Sacrificial love understands that God works on all of us in different ways and at different times. Sacrificial love doesn’t have any expectations for the way a person is supposed to behave, but rather focused on how we are supposed to behave.
God wants us to be people who fervently love God and fervently love other people. Every single thing God teaches us in scripture flows from these two commandments—love Him and love each other. How can we not give them top priority?
In order for us to love God with all of our heart, we need to treasure Him above all else. We need to value our relationship with God over all our earthly possessions, over all our accomplishments and our accolades, over all our relationships.
Loving God with all of our minds means we are making new discoveries about Him all the time. We should be investing energy every single day of our lives learning more and more about our Father in Heaven, and filling our minds with His truths.
When Jesus calls us to love others as we love ourselves, that’s a pretty challenging command. He’s asking us to love our spouse as much as we love ourselves, to think about them as much we think about ourselves.
Having the ‘Christian club card’ was never meant to be a pass from the struggle—we don’t get to just pray away the hardship. God’s not our genie in a bottle, and when we approach Him that way, we’re going to be sadly disappointed.
We are told we can find joy even in the most difficult struggles, and we can. We have to stop focusing on the solutions to the problems and start focusing on Him, trusting completely that He has it under control.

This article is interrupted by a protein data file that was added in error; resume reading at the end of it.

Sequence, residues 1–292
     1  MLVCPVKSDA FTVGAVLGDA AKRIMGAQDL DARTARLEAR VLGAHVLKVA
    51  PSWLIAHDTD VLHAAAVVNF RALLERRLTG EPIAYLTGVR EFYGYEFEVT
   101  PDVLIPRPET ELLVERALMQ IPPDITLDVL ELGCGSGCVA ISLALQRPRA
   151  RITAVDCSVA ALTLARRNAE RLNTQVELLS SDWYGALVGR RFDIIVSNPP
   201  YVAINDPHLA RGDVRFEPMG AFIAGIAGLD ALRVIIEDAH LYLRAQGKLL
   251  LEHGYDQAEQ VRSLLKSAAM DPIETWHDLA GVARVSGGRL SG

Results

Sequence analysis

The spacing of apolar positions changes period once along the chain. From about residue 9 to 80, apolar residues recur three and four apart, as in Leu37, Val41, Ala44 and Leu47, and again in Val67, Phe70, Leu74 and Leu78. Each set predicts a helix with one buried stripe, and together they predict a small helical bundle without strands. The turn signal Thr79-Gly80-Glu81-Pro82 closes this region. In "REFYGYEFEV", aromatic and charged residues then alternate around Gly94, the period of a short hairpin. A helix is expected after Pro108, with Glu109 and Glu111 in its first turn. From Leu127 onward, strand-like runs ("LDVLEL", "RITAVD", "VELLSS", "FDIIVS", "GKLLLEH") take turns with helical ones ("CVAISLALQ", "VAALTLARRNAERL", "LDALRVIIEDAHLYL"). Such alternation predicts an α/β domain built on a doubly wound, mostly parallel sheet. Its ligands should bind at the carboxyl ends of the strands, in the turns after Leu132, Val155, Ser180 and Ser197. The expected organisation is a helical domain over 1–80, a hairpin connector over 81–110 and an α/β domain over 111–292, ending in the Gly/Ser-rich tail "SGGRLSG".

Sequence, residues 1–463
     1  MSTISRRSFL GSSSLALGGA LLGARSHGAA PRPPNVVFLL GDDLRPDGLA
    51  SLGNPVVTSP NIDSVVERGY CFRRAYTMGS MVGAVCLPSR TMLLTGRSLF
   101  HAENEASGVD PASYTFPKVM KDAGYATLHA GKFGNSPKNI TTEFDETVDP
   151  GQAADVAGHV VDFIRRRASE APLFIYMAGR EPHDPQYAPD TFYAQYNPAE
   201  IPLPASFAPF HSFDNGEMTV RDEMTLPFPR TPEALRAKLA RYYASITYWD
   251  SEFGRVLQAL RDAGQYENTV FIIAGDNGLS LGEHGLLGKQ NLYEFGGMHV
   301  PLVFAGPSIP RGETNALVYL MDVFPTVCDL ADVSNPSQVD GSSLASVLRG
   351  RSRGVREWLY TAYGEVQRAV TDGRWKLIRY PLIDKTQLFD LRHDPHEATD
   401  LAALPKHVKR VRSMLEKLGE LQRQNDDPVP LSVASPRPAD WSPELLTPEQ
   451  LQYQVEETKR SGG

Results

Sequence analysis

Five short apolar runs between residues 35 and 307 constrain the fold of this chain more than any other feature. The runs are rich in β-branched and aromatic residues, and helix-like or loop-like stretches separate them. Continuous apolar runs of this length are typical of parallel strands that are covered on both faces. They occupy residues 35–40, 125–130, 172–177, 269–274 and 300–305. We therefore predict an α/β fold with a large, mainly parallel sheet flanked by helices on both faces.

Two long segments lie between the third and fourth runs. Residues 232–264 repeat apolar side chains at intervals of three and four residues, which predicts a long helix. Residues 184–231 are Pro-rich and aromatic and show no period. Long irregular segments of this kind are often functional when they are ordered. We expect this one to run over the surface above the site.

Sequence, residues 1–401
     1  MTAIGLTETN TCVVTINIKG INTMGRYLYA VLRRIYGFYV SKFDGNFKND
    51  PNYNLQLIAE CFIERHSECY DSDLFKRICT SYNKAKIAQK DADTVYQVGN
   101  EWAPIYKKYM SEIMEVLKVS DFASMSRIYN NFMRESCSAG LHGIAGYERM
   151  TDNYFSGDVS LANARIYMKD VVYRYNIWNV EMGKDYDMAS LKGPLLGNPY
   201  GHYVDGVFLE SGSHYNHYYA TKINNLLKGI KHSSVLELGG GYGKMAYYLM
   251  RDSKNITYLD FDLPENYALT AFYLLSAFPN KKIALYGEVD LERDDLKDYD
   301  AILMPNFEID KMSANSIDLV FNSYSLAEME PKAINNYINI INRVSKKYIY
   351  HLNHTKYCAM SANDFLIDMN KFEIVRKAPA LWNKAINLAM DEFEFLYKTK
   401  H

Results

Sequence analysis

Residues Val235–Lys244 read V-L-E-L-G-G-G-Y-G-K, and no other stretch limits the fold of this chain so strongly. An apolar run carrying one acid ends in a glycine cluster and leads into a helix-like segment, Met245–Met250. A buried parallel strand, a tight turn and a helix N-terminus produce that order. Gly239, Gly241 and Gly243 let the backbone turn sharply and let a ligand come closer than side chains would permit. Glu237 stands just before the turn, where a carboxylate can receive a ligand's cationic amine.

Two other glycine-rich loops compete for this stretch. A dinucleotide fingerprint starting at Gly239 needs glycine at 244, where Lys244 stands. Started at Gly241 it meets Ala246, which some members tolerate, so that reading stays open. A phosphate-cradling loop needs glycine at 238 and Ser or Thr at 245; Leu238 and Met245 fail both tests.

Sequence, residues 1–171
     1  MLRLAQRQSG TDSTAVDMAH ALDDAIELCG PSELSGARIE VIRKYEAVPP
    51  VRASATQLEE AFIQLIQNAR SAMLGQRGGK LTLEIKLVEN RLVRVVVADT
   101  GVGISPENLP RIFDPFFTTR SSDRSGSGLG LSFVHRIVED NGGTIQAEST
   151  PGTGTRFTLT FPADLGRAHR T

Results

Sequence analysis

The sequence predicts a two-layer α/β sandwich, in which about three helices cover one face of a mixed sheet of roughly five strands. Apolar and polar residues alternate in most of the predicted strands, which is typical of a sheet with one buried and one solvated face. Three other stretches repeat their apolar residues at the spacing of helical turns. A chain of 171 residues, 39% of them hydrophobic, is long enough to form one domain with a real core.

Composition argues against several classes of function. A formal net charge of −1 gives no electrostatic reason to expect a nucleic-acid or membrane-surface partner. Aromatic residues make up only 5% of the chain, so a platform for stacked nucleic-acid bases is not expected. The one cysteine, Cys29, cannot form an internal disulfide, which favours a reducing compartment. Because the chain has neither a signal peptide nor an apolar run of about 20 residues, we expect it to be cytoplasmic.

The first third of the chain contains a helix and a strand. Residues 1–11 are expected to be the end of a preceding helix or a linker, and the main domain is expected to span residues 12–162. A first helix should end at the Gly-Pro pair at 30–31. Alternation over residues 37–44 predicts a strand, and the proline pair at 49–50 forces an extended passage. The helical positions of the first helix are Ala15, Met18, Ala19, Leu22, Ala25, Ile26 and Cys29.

Rather than running, if we only learned to stop and open our eyes in the moments when the trials seem to be the greatest, we would find the supernatural power to transform our hearts. We grow a little more like Jesus in those moments, and we find His peace and His joy.
God designed marriage as a way to chisel away at the self-centered nature of our hearts. His desire is for us to love others as ourselves. He wants us to put the needs of our spouses before our own instead of demanding our needs are met.
We get anxious, we get overwhelmed, we even get angry, but the difference is we do it with the hope of things to come. Our response as believers to those difficult emotions should distinguish us from the world as we have something different at work in us.
God wants us to choose joy in our struggle because He desires for us to know steadfastness—this is the state of a refined heart. When we are steadfast, we are not easily provoked or angered by difficult situations.
Biblical wisdom does not necessarily help us decide which college to go to, which job to accept, which house to buy. It’s true that His wisdom may have an influence on those decisions, but the reality is if the decision doesn’t conflict with Scripture in any way, then the choice is yours to make.
A double-minded man is unstable in all his ways who receives nothing from the Lord. Nothing. No blessing, no wisdom, no comfort, no peace. If you’ve wrestled with double-mindedness, you know this to be true.
If the focus of our attention is on our bank account or our material possessions, whether they are many or they are few, we will not experience God’s blessings in our marriage. He wants our focus to be on Him. He wants our pursuit to be of Him.